May 01, 2017

New grant-funded program creates opportunities for teachers

by Andrea Hahn

CARBONDALE, Ill. – Opportunity knocked. Southern Illinois University Carbondale opened the door and is inviting the community along as well. 

A $752,664 grant from the No Child Left Behind fund administered by the Illinois Board of Higher Education K-12 Teacher Enhancement Project will help SIU create more options for elementary, middle and high school teachers, both in the area and from elsewhere in Illinois. 

The grant has two parts, one to provide more qualification opportunities for teachers to become dual credit-qualified, and one addressing the need for more bilingual and ESL (English as a Second Language) instructors. In addition, the grant also provides tuition and fees assistance for the school teachers interested in obtaining these credentials. 

Dual credit refers to courses high school students may take that provide both high school credit and college credit. Dual credit courses generally represent college freshman or sophomore level courses that fulfill core curriculum, or general education, requirements.

Many students turn to a community college for dual credit courses. Now, though, high school teachers in the area will be able to come to SIU and take the graduate courses that lead to dual credit teaching certification. Then they can offer these courses to students ready for dual credit, giving students the option of taking dual-credit classes in their high schools. 

SIU is offering courses that will qualify school teachers in dual credit math, geology, psychology, history and agribusiness economics courses. This array of courses may lead to more course offerings in the high schools. For example, a dual credit history course SIU offers is for a two-semester high school course in “History of World Civilizations,” a choice not necessarily available in area high schools at all.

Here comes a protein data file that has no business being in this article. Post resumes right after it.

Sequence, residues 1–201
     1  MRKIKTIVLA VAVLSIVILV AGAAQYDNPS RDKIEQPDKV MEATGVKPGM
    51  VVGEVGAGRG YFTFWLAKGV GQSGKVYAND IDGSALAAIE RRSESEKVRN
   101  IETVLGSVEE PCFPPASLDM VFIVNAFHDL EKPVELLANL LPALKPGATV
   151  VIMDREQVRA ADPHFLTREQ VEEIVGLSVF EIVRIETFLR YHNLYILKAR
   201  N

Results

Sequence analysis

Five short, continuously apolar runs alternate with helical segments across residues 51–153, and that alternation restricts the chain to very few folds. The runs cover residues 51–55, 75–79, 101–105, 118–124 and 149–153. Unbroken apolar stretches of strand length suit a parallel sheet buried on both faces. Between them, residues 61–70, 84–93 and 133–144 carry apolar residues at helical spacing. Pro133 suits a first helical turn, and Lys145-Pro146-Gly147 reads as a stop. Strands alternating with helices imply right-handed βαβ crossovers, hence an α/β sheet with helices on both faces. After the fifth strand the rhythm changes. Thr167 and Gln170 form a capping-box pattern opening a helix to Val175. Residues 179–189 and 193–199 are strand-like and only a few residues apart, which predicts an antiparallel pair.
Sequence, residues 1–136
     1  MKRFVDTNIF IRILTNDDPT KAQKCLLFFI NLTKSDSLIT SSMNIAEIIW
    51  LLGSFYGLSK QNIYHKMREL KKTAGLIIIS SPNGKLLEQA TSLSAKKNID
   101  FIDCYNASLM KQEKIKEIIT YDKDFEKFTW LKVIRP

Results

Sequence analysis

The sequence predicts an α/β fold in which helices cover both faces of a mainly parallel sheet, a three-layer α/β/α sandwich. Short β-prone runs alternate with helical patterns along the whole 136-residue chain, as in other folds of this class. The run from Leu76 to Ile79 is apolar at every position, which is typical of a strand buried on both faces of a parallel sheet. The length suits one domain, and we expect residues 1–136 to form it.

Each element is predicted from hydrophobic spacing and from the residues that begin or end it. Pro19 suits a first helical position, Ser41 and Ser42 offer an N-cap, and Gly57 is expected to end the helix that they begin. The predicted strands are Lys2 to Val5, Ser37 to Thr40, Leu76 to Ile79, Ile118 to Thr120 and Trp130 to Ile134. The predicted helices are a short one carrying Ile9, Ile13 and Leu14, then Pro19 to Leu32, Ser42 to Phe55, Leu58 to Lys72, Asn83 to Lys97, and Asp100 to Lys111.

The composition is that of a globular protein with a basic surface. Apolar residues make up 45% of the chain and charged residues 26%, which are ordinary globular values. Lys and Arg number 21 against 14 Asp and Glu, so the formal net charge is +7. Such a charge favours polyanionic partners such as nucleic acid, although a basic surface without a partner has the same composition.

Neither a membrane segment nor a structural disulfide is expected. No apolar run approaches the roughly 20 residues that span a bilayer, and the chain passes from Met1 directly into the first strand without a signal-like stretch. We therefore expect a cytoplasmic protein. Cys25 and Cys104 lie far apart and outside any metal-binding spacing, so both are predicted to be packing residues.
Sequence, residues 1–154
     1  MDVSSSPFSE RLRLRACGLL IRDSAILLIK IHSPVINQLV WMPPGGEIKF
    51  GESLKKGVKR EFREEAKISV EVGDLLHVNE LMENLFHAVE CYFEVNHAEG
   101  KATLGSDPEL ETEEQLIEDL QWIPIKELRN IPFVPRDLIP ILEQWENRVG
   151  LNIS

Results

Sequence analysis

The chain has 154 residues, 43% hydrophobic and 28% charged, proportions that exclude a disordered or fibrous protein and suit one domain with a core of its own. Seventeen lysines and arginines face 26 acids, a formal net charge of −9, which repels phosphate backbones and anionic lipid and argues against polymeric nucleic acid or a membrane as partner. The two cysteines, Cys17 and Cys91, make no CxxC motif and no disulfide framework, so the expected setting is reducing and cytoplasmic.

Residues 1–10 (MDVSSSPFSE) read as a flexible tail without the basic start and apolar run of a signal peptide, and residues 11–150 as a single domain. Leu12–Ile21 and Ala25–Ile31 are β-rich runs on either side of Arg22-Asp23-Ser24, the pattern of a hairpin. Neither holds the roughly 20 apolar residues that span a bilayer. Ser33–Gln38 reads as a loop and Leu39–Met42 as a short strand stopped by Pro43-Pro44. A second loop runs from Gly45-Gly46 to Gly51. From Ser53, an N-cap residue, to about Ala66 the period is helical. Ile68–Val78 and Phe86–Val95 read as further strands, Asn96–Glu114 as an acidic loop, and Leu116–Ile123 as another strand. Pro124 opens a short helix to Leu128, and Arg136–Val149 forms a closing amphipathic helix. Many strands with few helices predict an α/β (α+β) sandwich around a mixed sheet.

The ESL-Bilingual Endorsement courses are for teachers who teach in bilingual programs or who teach students who are learning English. Accordingly, the program offers two kinds of endorsement certifications: ESL (English as a Second Language) and bilingual. The linguistics department already has experience offering these endorsements. 

The IBHE-supported program begins this summer. During the academic year especially, courses will be offered in the evening to accommodate high school teachers’ schedules. The math program has an online component for those who can’t easily make it to campus, and other programs may offer online courses in the future. 

Meera Komarraju, dean of the College of Liberal Arts, and Matthew Keefer, dean of the College of Education and Human Services, spearheaded the drive to obtain the grant. When they learned money was available for this program, but only for a limited time, they assembled a team quickly and put together a proposal on a very short deadline. 

“After the grant providers saw our initial proposal, they said, ‘There is more money available for this.’ So we asked for all of it available for our region. We didn’t really expect to win the whole award – but we did,” Komarraju said. 

“It makes me feel very hopeful,” she said. “SIU is an important resource for the region. Before we were a university, we were a teaching college, and this speaks directly to that first mission.” 

“Dual credit in particular is the trend these days, and it’s something the IBHE wants to promote. It’s beneficial to us to be involved in this and to bring teachers who want this qualification to our campus,” Keefer said. “The grant also gives us the ability to develop online courses, so we’ll be doing that as well.” 

Registration for program enrollment is currently open for intersession and summer classes. Intercession enrollment closes May 8 with classes to begin May 15; summer class enrollment ends on June 5 with classes beginning June 12. Go here for more information, or email